are essential for FV survival and
pathogenesis [3].
sfRNAs are produced by the host
exoribonuclease Xrn1, which degrades
the viral genome in 5' to 3' direction.
During degradation, Xrn1 is eectively
stopped at highly stable structure
elements in the 3'UTR, termed xrRNA
(Xrn1-resistant RNA elements).
FVs typically have several xrRNA
elements, each of which possessing
dierent capacity to stop Xrn1, and
thus giving rise to sfRNAs of dierent
lengths. Most important are the so
called 'stem-loop' (SL) and 'dumb-
bell' (DB) elements [4].
2. sfRNA
3. SL/DB RNA families
The Rfam Database currently contains
CMs for both SL-II and DB elements.
Initial screens of UTRs of all FV species
could not reliably annotate elements in
most species, due to the models'
specicity for WNV and JEV.
We manually built seed alignments for
all SL and DB elements in DENV, YFV
and ZIKV. Next, we iteratively rened
the models by scanning all FV UTRs
with our CMs using cmsearch [6] and
manually aligned strong hits to our
seed alignment. This procedure was
repeated until no more new signicant
hits were obtained.
The resulting SL and DB seed
alignments reveal strong structural
heterogeneity, not only among ele-
ments, but also within individual virus
families. While SL/DB elements share
common functionality, they cannot be
properly aligned. We therefore suggest
to consider them as RNA clans, rather
than RNA families.
4. Filtering CMs
We use a Self-Organizing-Map (SOM) for
clustering and visualization of all putative
xrRNAs for quality assessment of CMs
in our clans. Redundant or unspecic CMs
can be quckly identied by frequent co-
localization of descriptors, indicating low
model specicity.
5. Results
We screened all available FV 3'UTRs and
were able to characterize considerably
more xrRNA elements, compared to
screens based on existing Rfam families.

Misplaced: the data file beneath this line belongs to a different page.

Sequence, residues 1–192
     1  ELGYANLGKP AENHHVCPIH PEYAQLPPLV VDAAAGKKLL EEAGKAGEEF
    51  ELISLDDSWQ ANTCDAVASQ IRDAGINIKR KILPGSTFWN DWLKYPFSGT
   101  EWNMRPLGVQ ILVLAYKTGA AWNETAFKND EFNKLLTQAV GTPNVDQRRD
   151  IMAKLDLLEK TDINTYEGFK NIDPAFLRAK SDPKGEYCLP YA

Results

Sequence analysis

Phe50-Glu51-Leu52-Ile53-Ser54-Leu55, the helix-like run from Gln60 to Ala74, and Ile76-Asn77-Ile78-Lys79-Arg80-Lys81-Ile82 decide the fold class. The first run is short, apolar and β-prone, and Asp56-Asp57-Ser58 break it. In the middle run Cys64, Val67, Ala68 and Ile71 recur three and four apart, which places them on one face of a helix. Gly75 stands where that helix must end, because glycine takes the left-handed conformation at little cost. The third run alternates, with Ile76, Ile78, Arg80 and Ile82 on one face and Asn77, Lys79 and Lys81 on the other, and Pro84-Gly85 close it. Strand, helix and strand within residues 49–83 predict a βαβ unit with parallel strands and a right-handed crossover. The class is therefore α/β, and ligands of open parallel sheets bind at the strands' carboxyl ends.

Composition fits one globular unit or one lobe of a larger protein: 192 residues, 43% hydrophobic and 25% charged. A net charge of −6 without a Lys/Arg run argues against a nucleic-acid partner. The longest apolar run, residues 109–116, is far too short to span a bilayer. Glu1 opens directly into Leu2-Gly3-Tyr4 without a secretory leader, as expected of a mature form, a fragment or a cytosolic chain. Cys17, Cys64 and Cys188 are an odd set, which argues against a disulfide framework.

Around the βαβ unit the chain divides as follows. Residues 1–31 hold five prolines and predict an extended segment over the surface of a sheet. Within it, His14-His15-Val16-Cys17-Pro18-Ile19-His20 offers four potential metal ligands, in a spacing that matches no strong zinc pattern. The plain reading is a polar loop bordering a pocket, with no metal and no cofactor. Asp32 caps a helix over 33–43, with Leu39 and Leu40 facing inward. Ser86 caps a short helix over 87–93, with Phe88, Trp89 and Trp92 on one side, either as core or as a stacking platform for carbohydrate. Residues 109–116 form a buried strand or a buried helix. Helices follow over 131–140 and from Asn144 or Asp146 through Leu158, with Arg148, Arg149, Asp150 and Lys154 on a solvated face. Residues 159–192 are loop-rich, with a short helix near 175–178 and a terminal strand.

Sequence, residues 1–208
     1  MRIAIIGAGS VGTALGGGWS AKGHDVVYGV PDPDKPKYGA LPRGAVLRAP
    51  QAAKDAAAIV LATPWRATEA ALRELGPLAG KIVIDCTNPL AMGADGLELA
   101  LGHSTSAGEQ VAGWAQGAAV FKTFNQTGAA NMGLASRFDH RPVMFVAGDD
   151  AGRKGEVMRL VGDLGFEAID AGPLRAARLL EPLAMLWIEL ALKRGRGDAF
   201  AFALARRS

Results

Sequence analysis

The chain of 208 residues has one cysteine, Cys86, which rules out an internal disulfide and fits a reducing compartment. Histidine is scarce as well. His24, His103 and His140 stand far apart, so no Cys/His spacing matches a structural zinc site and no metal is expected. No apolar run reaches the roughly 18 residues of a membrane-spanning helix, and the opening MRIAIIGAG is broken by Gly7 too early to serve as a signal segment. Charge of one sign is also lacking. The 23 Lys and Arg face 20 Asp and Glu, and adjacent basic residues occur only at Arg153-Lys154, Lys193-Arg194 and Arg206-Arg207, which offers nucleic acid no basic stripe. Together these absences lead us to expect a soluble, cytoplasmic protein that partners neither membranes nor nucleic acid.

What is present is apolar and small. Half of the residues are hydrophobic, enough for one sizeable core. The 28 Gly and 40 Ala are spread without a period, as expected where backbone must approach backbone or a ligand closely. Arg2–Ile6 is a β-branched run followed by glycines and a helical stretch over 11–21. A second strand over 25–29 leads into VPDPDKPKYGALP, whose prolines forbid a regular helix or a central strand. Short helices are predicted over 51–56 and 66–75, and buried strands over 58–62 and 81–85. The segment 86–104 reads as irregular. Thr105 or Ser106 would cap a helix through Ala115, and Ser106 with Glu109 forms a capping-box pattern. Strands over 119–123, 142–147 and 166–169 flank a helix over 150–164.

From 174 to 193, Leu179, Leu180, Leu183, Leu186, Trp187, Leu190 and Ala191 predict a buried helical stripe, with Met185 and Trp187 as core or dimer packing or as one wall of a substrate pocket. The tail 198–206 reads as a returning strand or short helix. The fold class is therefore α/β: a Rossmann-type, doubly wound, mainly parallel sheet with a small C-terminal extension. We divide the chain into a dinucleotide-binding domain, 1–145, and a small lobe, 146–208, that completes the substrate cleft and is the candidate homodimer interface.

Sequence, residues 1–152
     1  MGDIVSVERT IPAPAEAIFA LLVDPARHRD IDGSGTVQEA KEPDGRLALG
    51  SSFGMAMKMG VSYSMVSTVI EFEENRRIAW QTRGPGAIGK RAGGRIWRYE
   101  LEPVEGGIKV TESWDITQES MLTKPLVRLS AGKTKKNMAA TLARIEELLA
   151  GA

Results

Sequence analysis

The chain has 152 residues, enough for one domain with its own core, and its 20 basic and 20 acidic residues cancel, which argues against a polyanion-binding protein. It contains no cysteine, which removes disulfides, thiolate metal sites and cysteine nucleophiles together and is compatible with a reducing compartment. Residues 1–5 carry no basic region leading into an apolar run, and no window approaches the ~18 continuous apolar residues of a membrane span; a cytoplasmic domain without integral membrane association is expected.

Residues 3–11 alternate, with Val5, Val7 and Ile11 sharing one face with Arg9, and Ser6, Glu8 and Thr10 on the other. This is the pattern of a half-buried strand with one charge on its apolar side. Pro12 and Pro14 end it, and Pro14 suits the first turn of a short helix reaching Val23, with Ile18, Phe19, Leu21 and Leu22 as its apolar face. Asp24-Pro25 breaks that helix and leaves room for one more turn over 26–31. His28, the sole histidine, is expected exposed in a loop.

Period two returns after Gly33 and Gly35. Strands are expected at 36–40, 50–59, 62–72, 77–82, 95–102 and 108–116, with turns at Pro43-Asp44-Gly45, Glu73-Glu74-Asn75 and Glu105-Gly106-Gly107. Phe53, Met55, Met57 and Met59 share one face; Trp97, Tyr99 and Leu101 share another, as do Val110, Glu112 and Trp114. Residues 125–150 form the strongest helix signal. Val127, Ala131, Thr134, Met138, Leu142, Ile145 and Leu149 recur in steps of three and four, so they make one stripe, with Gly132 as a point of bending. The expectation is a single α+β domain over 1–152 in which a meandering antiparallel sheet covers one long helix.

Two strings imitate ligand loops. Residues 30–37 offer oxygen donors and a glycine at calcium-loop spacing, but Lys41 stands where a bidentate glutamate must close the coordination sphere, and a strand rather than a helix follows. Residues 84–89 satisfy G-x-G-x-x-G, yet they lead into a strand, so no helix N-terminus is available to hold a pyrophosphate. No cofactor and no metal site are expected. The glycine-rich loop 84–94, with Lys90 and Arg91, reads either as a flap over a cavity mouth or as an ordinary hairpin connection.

Moreover, we found evidence for pre-
viously unknown elements (DB-II in YFV)
or potentially important events in sfRNA
evolution, such as rearrangement of ZIKV
SL elements compared to DENV.
5'
RCS2
3'
Table 1. Detection ratios for SL/DB elements in various
FVs. An 'X' indicates that a particular species has no
element of this type.
Detection Ratio
Virus Sequences SL-II SL-IV DB-I DB-II SL-Rfam DB-Rfam
DENV-1 1613 1 0.99 1 0.99 0 0.99
DENV-2 1100 1 1 1 0.98 0 0.99
DENV-3 862 0.99 0.95 1 0.91 0 0.99
DENV-4 153 0.99 0 1 1 0 0.99
J EV 239 1 1 1 1 0.91 0.89
WNV 993 1 0.76 1 0.94 1 0.94
ZIKV 83 1 1 1 X 0 0.73
YFV 57 1 0.19 1 0.12 0 0.95
TMUV 35 1 1 1 1 1 0
USUV 90 1 1 1 1 0.99 0
C
A
G
G
C
CAGA
A
A
A
A
___C C U G
CCACCG
G
A
AGUUG
A
G
U
A
G
A
C
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U
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C
U
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C
C
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A
C
A
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C
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_
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A
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_
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CG
C
C
A
G
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AA_AA
G
C
C
A
C
C
U
G
A
U__CC
G
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A
A
G
G
U
G
C
U
G
C
C
U
G
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A
C
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C
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C